Democracy and Justice Studies
Interdisciplinary Major or Minor
(Bachelor of Arts or Bachelor of Science)
Professors — Harvey J. Kaye, Andrew E. Kersten, Kim Nielsen (chair)
Associate Professor —Andrew Austin
Assistant Professors —Timothy Dale, Cynthia Howson, Jaida Samudra
Democracy and Justice Studies Major Requirements | Democracy and Justice Studies Minor Requirements | Course Descriptions
Democracy and Justice Studies explores diverse ideals and practices of democracy and justice in the United States and the world though interdisciplinary social and historical studies. Democracy and Justice Studies students look at how peoples past and present have sought in various ways to sustain and change political, economic, cultural, and social orders. We ask why and how societies develop and whether their political, economic, cultural and social relations and activities promote justice, freedom, equality, and democracy. By cultivating critical thinking and problem-focused thinking, we enable students to become engaged citizens and professionals.
Democracy and Justice Studies encourages students to put democracy and justice into action in the classroom, in internships, in research projects, in their volunteer lives, and in their eventual career choices. This program thus offers wide-ranging educational challenges and provides students with broadly applicable learning experiences useful for many career paths. Democracy and Justice Studies is encouraged and appropriate for individuals interested in graduate work in the social sciences, law school, journalism, international business, and a variety of careers related to community development, social justice, social and environmental activism, women's and gender equity, and other social issues.
Graduates work in a wide range of careers including business, domestic and international development, education, helping professions, journalism, law and criminal justice, library science, museum administration, philanthropy, and politics. Some have pursued advanced studies in fields such as anthropology, area studies, criminal justice, economics, history, international relations, law, library science, philosophy, political science, theology, and sociology.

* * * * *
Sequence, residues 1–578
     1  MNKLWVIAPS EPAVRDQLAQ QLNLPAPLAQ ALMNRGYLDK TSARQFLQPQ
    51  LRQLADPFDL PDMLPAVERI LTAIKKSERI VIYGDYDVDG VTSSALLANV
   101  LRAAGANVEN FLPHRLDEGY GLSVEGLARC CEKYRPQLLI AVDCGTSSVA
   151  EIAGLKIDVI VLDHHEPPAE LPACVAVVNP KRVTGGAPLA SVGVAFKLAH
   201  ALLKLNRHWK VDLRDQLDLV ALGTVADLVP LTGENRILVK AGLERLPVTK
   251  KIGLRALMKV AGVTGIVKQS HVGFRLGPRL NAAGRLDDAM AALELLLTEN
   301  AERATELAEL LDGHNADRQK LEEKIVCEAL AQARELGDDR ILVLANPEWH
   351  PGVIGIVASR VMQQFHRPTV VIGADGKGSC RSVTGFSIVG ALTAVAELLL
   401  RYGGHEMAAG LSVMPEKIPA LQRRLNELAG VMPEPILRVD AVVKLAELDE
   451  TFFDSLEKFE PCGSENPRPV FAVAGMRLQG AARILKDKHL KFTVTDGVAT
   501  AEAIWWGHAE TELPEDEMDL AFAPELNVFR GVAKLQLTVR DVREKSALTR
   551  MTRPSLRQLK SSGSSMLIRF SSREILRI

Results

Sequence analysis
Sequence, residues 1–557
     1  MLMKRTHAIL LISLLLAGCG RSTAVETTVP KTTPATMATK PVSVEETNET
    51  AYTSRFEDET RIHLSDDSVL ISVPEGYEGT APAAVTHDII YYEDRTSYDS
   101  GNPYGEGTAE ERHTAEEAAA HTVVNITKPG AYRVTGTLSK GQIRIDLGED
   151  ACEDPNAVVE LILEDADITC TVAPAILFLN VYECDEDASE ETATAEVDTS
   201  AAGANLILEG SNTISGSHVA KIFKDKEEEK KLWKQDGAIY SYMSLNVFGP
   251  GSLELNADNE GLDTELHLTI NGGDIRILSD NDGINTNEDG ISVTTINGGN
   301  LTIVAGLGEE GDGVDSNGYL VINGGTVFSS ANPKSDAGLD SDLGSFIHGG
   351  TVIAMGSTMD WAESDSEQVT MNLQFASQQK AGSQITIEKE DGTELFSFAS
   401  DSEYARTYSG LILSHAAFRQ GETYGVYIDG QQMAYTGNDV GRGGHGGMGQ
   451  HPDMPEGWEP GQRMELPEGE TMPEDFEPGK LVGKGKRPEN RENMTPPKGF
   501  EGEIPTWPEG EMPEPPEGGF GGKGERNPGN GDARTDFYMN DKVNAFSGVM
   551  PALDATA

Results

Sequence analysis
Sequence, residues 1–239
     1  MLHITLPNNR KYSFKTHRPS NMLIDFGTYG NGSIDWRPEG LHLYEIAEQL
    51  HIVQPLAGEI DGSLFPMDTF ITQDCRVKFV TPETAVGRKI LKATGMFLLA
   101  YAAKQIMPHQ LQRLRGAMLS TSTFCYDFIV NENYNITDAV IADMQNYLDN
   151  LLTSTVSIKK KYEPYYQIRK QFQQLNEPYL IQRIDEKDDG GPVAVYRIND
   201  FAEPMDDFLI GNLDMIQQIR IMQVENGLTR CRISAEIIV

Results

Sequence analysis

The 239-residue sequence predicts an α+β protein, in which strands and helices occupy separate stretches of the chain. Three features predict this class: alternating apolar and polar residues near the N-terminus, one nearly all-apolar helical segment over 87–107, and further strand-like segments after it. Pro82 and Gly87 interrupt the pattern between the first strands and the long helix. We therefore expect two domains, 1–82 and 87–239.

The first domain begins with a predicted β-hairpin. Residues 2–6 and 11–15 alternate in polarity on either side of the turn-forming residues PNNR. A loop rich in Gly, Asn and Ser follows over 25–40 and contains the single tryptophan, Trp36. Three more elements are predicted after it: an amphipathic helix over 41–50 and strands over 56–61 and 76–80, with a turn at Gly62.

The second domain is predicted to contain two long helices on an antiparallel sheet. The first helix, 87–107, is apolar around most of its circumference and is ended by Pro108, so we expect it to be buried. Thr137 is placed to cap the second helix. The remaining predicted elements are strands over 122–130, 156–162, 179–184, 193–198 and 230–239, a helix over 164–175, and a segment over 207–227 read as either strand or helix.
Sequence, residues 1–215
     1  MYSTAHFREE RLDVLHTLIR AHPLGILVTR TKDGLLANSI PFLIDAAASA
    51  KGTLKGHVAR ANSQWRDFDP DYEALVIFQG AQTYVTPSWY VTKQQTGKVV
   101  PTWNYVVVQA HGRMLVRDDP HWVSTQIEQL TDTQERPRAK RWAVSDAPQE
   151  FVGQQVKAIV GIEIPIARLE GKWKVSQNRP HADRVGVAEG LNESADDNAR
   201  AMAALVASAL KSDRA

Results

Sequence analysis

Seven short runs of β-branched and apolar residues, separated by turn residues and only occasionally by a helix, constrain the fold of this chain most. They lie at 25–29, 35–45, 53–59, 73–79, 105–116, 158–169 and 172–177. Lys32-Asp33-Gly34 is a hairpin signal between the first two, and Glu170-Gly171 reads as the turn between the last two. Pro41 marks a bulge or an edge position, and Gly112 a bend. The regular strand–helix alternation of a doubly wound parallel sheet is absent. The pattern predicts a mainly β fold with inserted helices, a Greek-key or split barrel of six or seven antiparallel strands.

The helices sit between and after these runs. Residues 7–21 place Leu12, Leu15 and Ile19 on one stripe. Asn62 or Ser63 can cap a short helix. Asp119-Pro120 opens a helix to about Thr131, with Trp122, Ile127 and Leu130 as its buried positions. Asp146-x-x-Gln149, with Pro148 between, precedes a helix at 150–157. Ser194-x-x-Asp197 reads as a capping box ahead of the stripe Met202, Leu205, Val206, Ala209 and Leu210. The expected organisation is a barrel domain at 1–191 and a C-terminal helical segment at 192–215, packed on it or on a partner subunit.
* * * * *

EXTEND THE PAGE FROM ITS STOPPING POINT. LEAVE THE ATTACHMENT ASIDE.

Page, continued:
Majors select an area of emphasis from among the following:
- American studies addresses social problems, public issues, social criticism and strategies for change with respect to contemporary American society.
- International studies focuses on international issues of development, inequality, and social justice.
- Law and justice studies examines law and legal systems, both in the United States and around the world, and their relationship to justice and democracy. Subjects covered in the emphasis include theories of law and justice, civil and criminal law, and the criminal justice process. Courses offered stress critical and historical study, and address questions related to law, justice, and democracy in diverse societies. Law and justice studies is not only appropriate for those students planning careers in law and criminal justice, but also appeals to the interests of students concerned about the problems of justice and democracy in the areas of the law and formal systems of social control.
- Women's and gender studies explores historical, international, and contemporary perspectives on women and gender. This emphasis analyzes the ways in which varied and changing gender roles both restrict and permit economic and social opportunity.
Students seeking the interdisciplinary major or minor in Democracy and Justice Studies may choose to combine their programs with an appropriate disciplinary or interdisciplinary field of study. Among fields most relevant are anthropology, business, communication, economics, education, ethnic studies, First Nations studies, global studies, history, human development, journalism, political science, psychology, social work, sociology, urban and regional studies, and women's and gender studies.
We encourage students to study abroad or at other campuses in the United States through UW-Green Bay's participation in international exchange programs and National Student Exchange. Travel courses are another option for obtaining academic credits and completing requirements. For more information, contact the Office of International Education at (920) 465-2413 or see http://www.uwgb.edu/international/.